Where Deere Came Up Short

Deere & Co. (NYSE: DE) reported fiscal fourth-quarter and full-year 2018 results before markets opened Wednesday morning. For the quarter, the farm and heavy equipment maker posted diluted earnings per share of $2.42 on revenues of $9.42 billion. In the same period a year ago, the company reported earnings per share (EPS) of $1.57 on revenues of $8.02 billion. Third-quarter results compare to consensus estimates for EPS of $2.45 and $8.57 billion in revenues.

For the full year, Deere reported EPS of $7.24 and revenue of $37.36 billion compared with 2017 results of $6.68 in EPS and revenue of $29.74 billion. The consensus estimate called for EPS of $9.53 and revenue of $33.62 billion.

Excluding unfavorable effects related to changes in U.S. tax law, fourth-quarter adjusted EPS totaled $2.30 on net income of $748 million. For the full fiscal year, the company’s net unfavorable provisional tax expense came to $704 million.

Year-over-year quarterly net sales in the worldwide equipment operations group rose 18%. Operating profit rose from $680 million in the year-ago quarter to $862 million. Deere’s acquisition of Wirtgen added operating profit of $79 million in the fourth quarter and $116 million for the full year.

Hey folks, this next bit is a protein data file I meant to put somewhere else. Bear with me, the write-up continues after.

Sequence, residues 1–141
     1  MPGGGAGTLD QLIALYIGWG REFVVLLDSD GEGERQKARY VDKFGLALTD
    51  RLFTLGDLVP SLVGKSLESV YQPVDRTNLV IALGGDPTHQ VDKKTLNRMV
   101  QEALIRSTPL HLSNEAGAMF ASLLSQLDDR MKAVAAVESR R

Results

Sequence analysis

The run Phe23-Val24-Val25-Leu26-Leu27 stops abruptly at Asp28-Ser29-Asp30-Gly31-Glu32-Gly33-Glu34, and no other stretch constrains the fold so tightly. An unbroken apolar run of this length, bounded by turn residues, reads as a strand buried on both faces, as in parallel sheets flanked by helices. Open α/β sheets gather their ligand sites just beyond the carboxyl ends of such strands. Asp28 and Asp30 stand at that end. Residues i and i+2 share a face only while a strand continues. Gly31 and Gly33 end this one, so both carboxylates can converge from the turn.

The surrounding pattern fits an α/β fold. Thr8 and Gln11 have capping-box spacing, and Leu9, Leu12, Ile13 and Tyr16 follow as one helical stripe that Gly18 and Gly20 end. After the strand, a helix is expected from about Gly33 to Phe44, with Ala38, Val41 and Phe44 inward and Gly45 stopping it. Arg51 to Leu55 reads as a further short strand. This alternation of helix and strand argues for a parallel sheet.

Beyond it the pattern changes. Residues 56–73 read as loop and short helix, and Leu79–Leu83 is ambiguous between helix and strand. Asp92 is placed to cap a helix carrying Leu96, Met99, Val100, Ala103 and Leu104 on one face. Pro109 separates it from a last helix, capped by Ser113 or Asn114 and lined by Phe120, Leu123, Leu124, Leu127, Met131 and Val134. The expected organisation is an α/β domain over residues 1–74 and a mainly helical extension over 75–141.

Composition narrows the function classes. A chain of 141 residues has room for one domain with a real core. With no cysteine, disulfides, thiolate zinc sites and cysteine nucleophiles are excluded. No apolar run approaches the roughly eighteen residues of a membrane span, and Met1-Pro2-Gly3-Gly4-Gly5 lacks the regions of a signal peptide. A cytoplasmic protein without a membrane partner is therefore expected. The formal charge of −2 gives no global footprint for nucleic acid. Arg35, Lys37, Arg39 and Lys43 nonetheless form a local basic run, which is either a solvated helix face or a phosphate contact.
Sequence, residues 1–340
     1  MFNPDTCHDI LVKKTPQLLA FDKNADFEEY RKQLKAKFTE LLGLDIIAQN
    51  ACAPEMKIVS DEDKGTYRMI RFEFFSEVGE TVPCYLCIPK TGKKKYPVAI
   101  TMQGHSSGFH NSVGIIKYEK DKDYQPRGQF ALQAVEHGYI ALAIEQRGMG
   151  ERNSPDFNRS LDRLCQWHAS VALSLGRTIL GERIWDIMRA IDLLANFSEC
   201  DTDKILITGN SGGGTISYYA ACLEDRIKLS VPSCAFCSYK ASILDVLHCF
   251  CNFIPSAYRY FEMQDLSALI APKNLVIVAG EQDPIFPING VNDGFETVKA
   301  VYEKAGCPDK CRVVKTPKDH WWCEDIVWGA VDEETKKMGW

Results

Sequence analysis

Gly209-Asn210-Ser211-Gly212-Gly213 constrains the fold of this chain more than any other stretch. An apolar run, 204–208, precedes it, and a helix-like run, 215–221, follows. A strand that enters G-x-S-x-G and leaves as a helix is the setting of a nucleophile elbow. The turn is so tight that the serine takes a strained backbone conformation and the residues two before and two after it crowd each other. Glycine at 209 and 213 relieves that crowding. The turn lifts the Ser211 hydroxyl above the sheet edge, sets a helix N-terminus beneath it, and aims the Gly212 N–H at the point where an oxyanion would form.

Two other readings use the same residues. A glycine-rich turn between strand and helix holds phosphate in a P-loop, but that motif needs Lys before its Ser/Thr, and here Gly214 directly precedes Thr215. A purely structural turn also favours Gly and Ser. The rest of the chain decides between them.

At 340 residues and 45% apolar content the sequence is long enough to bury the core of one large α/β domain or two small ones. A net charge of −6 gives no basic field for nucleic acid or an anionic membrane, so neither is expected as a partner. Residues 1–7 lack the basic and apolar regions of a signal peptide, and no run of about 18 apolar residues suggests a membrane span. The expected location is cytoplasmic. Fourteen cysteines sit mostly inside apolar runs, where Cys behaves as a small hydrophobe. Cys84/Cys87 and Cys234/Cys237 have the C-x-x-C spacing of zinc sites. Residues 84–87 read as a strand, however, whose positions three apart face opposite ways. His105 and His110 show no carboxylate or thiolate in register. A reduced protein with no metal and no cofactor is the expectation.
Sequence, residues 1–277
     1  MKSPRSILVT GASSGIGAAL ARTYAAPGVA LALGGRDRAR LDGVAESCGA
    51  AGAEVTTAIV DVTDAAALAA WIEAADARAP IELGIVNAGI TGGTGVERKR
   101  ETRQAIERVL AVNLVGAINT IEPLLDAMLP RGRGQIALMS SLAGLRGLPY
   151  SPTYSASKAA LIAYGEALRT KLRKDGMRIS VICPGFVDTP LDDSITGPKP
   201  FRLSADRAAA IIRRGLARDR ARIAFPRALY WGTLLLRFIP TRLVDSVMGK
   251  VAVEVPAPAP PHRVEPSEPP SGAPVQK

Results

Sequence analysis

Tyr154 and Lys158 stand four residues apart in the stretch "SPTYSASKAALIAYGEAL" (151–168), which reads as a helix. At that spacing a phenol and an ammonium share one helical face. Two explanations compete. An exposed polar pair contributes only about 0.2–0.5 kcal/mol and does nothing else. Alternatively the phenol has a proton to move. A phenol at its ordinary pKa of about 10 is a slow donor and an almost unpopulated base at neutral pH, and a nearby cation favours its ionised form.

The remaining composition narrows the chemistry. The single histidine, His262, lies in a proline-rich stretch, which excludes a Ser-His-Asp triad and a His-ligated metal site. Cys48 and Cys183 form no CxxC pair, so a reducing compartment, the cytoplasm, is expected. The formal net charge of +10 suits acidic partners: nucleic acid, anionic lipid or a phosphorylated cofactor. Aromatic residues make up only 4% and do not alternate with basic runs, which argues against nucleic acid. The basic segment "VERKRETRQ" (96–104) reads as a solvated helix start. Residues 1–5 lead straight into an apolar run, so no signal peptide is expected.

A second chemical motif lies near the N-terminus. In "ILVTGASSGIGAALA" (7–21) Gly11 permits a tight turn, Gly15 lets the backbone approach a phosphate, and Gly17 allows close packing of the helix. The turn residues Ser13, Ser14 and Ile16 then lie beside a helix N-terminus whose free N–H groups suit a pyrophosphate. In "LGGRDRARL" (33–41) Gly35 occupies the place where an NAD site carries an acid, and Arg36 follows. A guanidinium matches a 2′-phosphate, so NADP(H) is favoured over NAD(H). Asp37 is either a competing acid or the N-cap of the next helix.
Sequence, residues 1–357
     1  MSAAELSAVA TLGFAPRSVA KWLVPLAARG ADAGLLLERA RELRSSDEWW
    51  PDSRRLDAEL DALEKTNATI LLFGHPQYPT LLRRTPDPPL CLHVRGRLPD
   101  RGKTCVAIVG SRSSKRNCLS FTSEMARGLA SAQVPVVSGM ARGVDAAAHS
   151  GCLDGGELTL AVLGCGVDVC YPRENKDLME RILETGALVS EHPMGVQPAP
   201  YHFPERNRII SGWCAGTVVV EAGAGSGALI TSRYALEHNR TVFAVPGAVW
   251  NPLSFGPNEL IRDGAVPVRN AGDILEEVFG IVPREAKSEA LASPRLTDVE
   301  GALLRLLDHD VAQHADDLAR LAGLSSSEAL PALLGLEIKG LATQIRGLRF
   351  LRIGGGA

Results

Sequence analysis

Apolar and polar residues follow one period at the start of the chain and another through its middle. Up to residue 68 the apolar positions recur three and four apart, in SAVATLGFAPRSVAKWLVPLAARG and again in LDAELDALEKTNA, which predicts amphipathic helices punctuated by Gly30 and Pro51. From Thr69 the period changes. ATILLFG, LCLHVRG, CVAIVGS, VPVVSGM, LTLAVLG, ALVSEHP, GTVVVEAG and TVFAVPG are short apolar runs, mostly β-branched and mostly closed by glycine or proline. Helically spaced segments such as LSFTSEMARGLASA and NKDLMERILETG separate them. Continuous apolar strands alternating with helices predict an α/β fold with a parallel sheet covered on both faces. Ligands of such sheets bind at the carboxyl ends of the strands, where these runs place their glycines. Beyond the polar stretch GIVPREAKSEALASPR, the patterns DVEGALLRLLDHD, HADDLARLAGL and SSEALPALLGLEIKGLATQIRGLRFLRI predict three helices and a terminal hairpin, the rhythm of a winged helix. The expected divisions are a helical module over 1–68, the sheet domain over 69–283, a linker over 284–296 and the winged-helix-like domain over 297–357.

For the 2019 fiscal year, Deere estimates net sales to rise by about 7% compared to 2018 results. That pencils out to $39.98 billion, well above the current consensus estimate of $36.04 billion. Net income is forecast to rise from around $2.4 billion in 2018 to $3.6 billion in 2019. The company did not offer an EPS estimate, but analysts are looking for $11.64.

CEO Samuel R. Allen said:

In the fourth quarter, farm machinery sales in the Americas made further gains while construction-equipment sales continued to move higher, helped in part by our Wirtgen road-building business, whose financial contribution has exceeded our original forecasts. At the same time, the company has continued to face cost pressures for raw materials such as steel, which are being addressed through pricing actions and ongoing cost management. … In our view, the company remains well-positioned to capitalize on growth in the world’s agricultural and construction equipment markets. The replacement cycle for farm machinery is very much alive, despite tensions over global trade and other geopolitical issues.

The miss on adjusted EPS is having some impact on Deere’s share price this morning, but the more significant issue is the company’s forecast for North American sales growth next year. Deere expects flat to 5% growth in its largest market and in no geographic market are equipment sales forecast to rise more than 5%. Can Deere raise prices enough and wring out enough costs to meet even these uninspiring goals? Investors are extremely picky now, and Deere shares are likely to feel some pain in today’s trading session.

Shares of Deere traded down about 4% at $133.00 in the premarket Wednesday morning. The stock’s 52-week range is $129.34 to $175.26, and the consensus 12-month price target was $173.28 before the report, and the high target was $221.00.